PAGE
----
Concurrently, we have developed powerful vector tools to study microRNA function and have identified a key role of some microRNAs in hematopoietic stem cell quiescence, expansion and myeloid differentiation. Ongoing studies exploit microRNA gain and loss of function and unbiased proteomic and transcriptomic approaches to identify relevant targets of these microRNAs and decipher the molecular network they act on. These data are providing novel insights into how hematopoietic stem cell quiescence, commitment and differentiation are regulated (Project 2).
We have pioneered and continue to develop gene targeting approaches based on engineered Zinc Finger Nucleases to edit the genomic sequence. These strategies bring the possibilities of site-specific integration and correction of defective genes within the reach of gene therapy and offer radical new solutions to overcome the major hurdles that have long hindered progress of the gene therapy field. Gene correction, as opposed to gene replacement, not only restores the function of a diseased gene but also its physiological expression control, while avoiding the risks of insertional mutagenesis. We are optimizing and exploiting this approach in lymphocytes, hematopoietic stem cells and induced pluripotent stem cells to correct mutations causing X-linked primary immunodeficiency and other genetic diseases (Project 3).
Furthermore, we are exploiting artificial DNA-binding proteins to stably modulate epigenetic features at pre-selected loci and specifically silence dominant mutations (Project 4).
We continue to investigate the potential of in vivo gene delivery to treat systemic diseases such as hemophilia, capitalizing on the intriguing properties of a lentiviral vector platform stringently targeted to hepatocytes by a combination of transcriptional and post-transcriptional, microRNA-regulated control. By using this strategy, we could overcome the immunological barrier to stable gene transfer, one of the major hurdles to successful gene therapy, establish long-term correction of hemophilia in affected mice and dogs and induce active tolerance to the transgene. Further studies aim towards clinical translation of this strategy and its broader exploitation to treat a range of metabolic and autoimmune diseases (Project 5).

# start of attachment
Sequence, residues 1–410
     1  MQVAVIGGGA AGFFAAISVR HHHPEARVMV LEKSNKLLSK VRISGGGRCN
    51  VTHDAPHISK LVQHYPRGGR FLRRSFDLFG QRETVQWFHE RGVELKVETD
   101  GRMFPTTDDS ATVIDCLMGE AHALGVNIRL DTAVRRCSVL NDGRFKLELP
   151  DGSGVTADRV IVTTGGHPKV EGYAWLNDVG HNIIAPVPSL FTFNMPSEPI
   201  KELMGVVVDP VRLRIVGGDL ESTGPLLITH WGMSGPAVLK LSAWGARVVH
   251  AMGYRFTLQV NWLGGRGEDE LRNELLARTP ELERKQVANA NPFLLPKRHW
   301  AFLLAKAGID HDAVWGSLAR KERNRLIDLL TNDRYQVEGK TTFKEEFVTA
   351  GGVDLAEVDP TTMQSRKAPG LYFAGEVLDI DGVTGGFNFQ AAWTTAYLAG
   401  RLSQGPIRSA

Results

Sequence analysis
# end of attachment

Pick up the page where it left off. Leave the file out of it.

By tracking the hematopoietic cell contribution to angiogenesis, we have established a novel paradigm in which the bone marrow contributes a myeloid cell population required for promoting new vessel formation. These studies helped defining a lineage of pro-angiogenic monocytes, which selectively engage in tissue remodeling and regeneration and can be distinguished from conventional pro-inflammatory monocytes by gene expression, surface markers and functional properties. We continue to investigate the origin and biological function of these cells and exploit them to develop new therapeutic strategies. In one such strategy, we engineer the progeny of transplanted hematopoietic progenitors to target gene therapy to tumors, enhancing therapeutic efficacy and avoiding systemic toxicity (Project 6).